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Depression Diet Food As Medicine GI-Digestive

Diet May Boost Mood And Help Depression

8 months, 3 weeks ago

4437  0
Posted on Oct 11, 2019, 5 p.m.

The journal PLOS ONE published a randomized controlled study suggesting that the symptoms of depression improved significantly among a group of young adults who changed their diets to follow a Mediterranean style pattern for 3 weeks. Depression scores decreased from being in the moderate range to being in the normal range, additionally the participants reported lower levels of anxiety and stress as compared to control participants who didn't change their diet and had no improvements.

"We were quite surprised by the findings," researcher Heather Francis, a lecturer in clinical neuropsychology at Macquarie University in Sydney, Australia, told NPR via email. "I think the next step is to demonstrate the physiological mechanism underlying how diet can improve depression symptoms," Francis said.

"Highly processed foods increase inflammation," Francis said. “What's more, if we don't consume enough nutrient-dense foods, then this can lead to insufficiencies in nutrients, which also increases inflammation," she said.

Participants in the healthy diet group consumed 6+ servings of fruits and vegetables per week as compared to the controls. “Those who had a greater increase in fruit and vegetable intake showed the greatest improvement in depression symptoms," Francis said.

Those in the healthy diet group were instructed to increase consumption of whole grains to a recommended 3 serving a day, 3 daily servings of protein, and 3 servings of fish per week. Unsweetened dairy recommendation was 3 servings per day, nuts and seeds 3 tablespoons per day, 2 tablespoons of olive oil per day, and this group was also advised to use spices such as cinnamon and turmeric.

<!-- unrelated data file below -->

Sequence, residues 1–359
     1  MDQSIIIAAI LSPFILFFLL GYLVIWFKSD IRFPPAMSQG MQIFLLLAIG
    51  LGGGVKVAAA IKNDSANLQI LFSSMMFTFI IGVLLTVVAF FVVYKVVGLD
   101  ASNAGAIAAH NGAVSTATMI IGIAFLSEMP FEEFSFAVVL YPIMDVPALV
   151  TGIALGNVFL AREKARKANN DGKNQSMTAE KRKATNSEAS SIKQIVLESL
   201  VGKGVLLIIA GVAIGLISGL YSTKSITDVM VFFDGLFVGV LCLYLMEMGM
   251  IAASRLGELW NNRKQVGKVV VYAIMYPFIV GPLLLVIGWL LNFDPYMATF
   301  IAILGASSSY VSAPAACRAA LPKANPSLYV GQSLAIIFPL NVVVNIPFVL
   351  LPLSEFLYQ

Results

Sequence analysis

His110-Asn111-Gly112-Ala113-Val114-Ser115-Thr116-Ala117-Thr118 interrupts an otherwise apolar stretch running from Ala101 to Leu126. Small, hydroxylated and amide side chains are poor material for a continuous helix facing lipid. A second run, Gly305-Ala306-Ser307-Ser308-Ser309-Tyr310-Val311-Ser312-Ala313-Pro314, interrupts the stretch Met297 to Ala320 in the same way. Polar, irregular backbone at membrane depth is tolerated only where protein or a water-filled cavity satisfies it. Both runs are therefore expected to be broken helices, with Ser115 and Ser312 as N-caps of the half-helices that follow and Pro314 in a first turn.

Using a spectrophotometer participants palms were scanned to detect the degree of yellowness of skin which correlates with the intake carotenoids from consuming fruits and vegetables to help measure food intake. Several research questionnaires were also used to evaluate mental health, including one asking how often participants over the prior week they had experienced symptoms of depression. 

"We have a highly consistent and extensive evidence base from around the globe linking healthier diets to reduced depression risk," says Felice Jacka, a professor of nutritional and epidemiological psychiatry at Deakin University's Food & Mood Centre in Australia.

The Mediterranean diet was associated with a lower risk of depression in  A meta-analysis of 22 previously published studies.

Another study found that diets rich in fruits, vegetables, whole grains, fruit, olive oil,and  low fat dairy to be associated with a lower risk of depression as opposed to a higher risk of depression was associated with a diet rich in red meat, refined grains, sweets, and high fat dairy. 

Associations between depression and diet are independent of other confounding factors like "education, income, body weight and other health behaviors," notes Jacka, who's also the president of the International Society for Nutritional Psychiatry Research who adds "this is true across countries, cultures, and — importantly, age groups."

"The field is certainly very exciting," said Jerome Sarris, a professor of integrative mental health at the NICM Health Research Institute at Western Sydney University in Australia.

Most of these studies show an association and can not imply causation as they are not able to prove that changes in diet directly cause the improvements/decline in moods, nor can they rule out a placebo effect as participants were able to tell if they were in the healthy diet group. 

“We need further mechanistic studies to understand how diet influences mental and brain health," notes Jacka.

Research also suggests that in addition to inflammation the gut microbiome can affect brain functioning and mental health; more research is needed to better understand these connections to help develop targeted interventions for those with different mental illnesses. 

According to Drew Ramsey, a psychiatrist at Columbia University. "We need to talk to mental health patients about what they eat," Ramsey says. "When people make efforts to care for themselves and adhere to a belief system they feel is good for them, their mental health is going to improve."

"Diet is certainly part of the picture, but so are physical activity, good psychological care, medication [when needed] ... adequate sleep, adequate exposure to nature and balanced lifestyle," says Sarris. "My general take-home message is about having an integrative approach."

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